Now that I think of it, I guess I’m a baby of the Space Age and TV. When I was a little girl, living in rural Ohio, I stalled getting on the school bus for 3rd grade to watch John Glenn’s historic launch into orbit. We held our breath all day, worrying what it would feel like to be circling the earth.
A few weeks after I turned 16, I stayed up with my family in New Jersey to watch another Ohioan, Neil Armstrong, set the first human foot on the moon. I could hardly sit still and listen to Walter Cronkite. We were watching live TV from the moon! Dad kept shushing me. Mother made popcorn. And as the great moment approached, I looked to my Grandmother to share it. Her chin was on her chest, and she was snoring lightly. Granddad was slumped in another chair. I couldn’t stand it.
“How can they sleep, Dad? Shouldn’t we wake them up? How can we let them miss it?“
They were Dad’s parents, and it didn’t seem to be just that Dad wanted to watch the landing that was behind his instruction to let them alone. “How can they be expected to deal with this?” he asked. “It’s hardly real to me. Think of all the changes they’ve seen in their lifetimes.”
I thought of the little gold ring I had in my jewelry box. Grandmother had been wearing it one Sunday morning, running around and around the buggy in the dooryard while she waited for her parents to finish getting ready to go to church. She lost her footing a bit and grabbed the buggy wheel. The iron tire made a nick in the edge of her ring that I could still see and feel.
The marvels of Grandmother and Granddad’s lives had been cars and phones. They could remember making calls with the help of an operator and shook their heads at the wonder of direct-dialing long distance using this thing called an area code. They weren’t quite comfortable pushing buttons instead of swirling a dial. It was a step too far, and certainly to witness that “small step for man” on live TV was too much for them to believe.
We let them sleep. And when it was over and we all shook our heads and turned off the TV, when we woke Grandmother and Granddad up, they barely asked about the event. When we confirmed that the Ohioan had made it, that everything had gone as planned, Granddad simply nodded.
Every time in my life since that I’ve dropped my jaw at some technological advance, I’ve thought of Grandmother and Granddad and the moon landing. I don’t always remember to think of them when I’m screaming at my laptop, or counting to 10 to reset my broadband modem and the wireless router so I can collect my mail from anywhere in the house and all the way out to the pond. I do sometimes wonder what they would make of the folks apparently talking to themselves all over the streets and up and down the aisles of every store. But I don’t think of them so much when I pull out my iPhone to Google something or renew a library book, or read an e-book.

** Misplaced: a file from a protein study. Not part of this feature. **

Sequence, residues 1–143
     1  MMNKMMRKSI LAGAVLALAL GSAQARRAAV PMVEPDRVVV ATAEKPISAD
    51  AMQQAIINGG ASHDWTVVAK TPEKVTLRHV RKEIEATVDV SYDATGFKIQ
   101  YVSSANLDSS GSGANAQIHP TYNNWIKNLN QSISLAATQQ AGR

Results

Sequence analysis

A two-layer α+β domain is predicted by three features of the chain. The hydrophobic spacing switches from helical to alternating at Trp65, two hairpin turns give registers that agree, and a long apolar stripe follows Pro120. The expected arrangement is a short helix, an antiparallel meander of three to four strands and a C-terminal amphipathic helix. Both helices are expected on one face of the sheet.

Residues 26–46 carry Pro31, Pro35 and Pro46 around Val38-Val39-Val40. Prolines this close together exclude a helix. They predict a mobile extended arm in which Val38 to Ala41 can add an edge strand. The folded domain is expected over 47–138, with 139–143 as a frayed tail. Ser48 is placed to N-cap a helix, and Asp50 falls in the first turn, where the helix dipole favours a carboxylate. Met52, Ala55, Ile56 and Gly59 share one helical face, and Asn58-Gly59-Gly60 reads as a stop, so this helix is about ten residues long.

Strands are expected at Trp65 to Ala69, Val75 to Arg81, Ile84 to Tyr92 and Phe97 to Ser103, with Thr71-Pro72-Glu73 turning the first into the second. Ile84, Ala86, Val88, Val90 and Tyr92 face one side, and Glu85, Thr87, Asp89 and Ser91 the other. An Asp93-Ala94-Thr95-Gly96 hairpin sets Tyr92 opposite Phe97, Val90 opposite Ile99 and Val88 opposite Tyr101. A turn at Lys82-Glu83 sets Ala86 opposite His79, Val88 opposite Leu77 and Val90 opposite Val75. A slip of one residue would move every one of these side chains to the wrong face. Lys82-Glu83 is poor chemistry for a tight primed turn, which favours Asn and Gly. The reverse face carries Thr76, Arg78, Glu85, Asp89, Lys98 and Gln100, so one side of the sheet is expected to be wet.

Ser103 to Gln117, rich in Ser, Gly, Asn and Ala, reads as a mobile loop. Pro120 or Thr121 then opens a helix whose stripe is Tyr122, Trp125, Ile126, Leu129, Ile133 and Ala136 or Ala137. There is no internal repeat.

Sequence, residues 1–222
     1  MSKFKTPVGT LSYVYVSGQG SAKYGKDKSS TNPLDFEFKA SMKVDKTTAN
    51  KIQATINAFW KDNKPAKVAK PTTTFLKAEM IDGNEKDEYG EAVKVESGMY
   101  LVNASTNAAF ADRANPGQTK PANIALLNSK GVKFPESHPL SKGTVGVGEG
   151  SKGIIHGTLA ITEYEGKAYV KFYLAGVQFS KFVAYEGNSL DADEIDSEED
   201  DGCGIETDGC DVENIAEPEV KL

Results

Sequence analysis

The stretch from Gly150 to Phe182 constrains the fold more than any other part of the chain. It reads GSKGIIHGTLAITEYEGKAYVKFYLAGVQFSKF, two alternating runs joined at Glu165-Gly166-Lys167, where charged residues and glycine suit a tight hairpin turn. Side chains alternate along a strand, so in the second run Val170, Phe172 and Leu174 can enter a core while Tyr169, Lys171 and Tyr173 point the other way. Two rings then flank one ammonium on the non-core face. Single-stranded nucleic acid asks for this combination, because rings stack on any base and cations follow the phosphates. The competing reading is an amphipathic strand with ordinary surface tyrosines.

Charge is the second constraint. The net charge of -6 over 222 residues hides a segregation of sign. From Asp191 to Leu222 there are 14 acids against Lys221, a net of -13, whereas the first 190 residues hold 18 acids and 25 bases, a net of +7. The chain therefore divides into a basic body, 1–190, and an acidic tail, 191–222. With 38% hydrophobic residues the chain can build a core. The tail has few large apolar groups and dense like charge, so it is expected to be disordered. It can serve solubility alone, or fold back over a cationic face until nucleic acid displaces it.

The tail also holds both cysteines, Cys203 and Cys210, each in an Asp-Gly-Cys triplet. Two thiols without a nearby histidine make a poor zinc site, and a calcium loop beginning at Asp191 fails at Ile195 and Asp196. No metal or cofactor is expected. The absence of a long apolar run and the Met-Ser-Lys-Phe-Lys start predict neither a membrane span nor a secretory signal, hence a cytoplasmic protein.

I held out for a while against having a cell phone. I had been writing for an offspring of the Bell System, about telecommunications technology. I was waiting for Personal Communication Services, PCS, when the network would be able to find me wherever I was. My first-adopter friends scoffed and said I’d be waiting forever. I gave in when I was leaving for a weeks-long work assignment in California and would be unable to give my Dad a hotel phone as I moved around. I opened the phone at the first stop after the Mississippi, to reset it for the new time zone. It had gone ahead without me. You can’t imagine what that meant to me.
Now I count on my iPhone and my laptop to keep me and my other clocks set correctly. But the iPhone’s still out on the car seat beside me half the time. It sets a route for me and marks it with a purple line traveled by a little blue dot that holds steady while satellite photos of the surrounding land pass by. PCS indeed. It knows me.
I haven’t yet moved into the TV age of the other big technology change I had written about, High Definition TV. It had seemed for a long time to be too far out in the future. Maybe it wasn’t going to happen. But as with so many technologies, all of a sudden it’s everywhere. It barely needs to be mentioned. I’m a little embarrassed to say I don’t have it. But my TV’s still working fine, the built-in VCR mostly. Really.
I’m not missing a moon landing, but I guess I’m not so far from where my grandparents were that night. I’m glad I’m no longer writing about the next technologies coming, because I’m not so sure I could believe myself. What’s easiest to accept is what makes the biggest difference in my life. I’ll never go back to a big desktop computer. I can’t stand it when I realize I don’t have wi-fi. But don’t push me. There’s only so much this old brain can take in.
Now, let me see about setting up that stereo that’ll burn my LPs and cassettes onto CDs.